Active military personnel live in a unique environment and culture. Not only can military life affect how a person perceives or feels, but specific on-base cultures can further the unique experiences that each active service member has in the line of duty. Thus, when transitioning from military life and beginning life as a veteran, it can be difficult to reacclimate to civilian culture. Many veterans may feel disconnected from their families, peers, and communities. Disconnecting from military culture is challenging, but it can also be necessary for a healthy and fulfilling approach to civilian life.
Unique Military Cultures
Military culture is comprised of many elements that may not be as present in civilian life. An ingrained respect for authority and the hierarchy of command, a focus on fellowship, rites of passage, and more are all tenets of military life.
However, military culture also comes with a number of other unwritten elements. First, military cultures can make it very difficult to emotionally express oneself, making it hard to confront personal challenges like injury, trauma, post-traumatic stress disorder (PTSD), anxiety, depression, and more. Pervasive, on-base drinking cultures may also celebrate the use of alcohol, even at unhealthy and dangerous levels, further altering a veteran’s perception of addiction and the relationships they have with alcohol.
Likewise, these cultures commonly face difficult situations like coping with loss, survivor’s guilt, and more. Sacrifice is also expected and not something that civilians must necessarily confront in the same way.
Many of the ideas and perspectives of military culture can continue to be prevalent even after an individual has been successfully discharged from active duty. However, it can also make coping with the transition to civilian life difficult. Therefore, knowing how to disconnect from military culture can help distance veterans from harmful practices and create the best approach to a fulfilling civilian life.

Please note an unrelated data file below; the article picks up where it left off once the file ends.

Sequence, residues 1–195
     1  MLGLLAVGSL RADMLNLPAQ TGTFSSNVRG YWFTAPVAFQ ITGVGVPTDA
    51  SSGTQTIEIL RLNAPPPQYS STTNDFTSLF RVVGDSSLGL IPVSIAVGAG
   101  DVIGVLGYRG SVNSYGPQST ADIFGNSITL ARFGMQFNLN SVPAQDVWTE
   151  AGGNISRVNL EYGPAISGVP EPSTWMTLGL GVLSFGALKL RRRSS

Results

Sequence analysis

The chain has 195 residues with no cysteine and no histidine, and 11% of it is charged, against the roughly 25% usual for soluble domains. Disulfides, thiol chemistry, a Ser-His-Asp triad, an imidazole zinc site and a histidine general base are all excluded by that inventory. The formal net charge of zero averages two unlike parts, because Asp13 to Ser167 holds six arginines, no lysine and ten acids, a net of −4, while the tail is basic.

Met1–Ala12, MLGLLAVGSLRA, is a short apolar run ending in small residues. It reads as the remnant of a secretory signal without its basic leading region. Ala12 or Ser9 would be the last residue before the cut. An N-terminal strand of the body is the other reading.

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Strategies for Disconnecting From Military Culture
Military and civilian cultures are vastly different, with different ideas, perspectives, experiences, and more. While veterans should never feel as if they have to completely let go of their past experiences in military life, knowing which parts of military culture could be harmful to their transition to civilian life and developing strategies to relinquish military norms can create the best approach to healing as a veteran.
Expect Changes From Military Culture
In order to truly disconnect from military culture, a veteran must be willing to change. Expecting there to be some differences between military and civilian life is the best way to emotionally prepare for change. Even if a veteran is not yet sure how life will be different, preparing to keep an open mind about change can be a great way to approach the transition with the right mindset.
Join Veteran Support Groups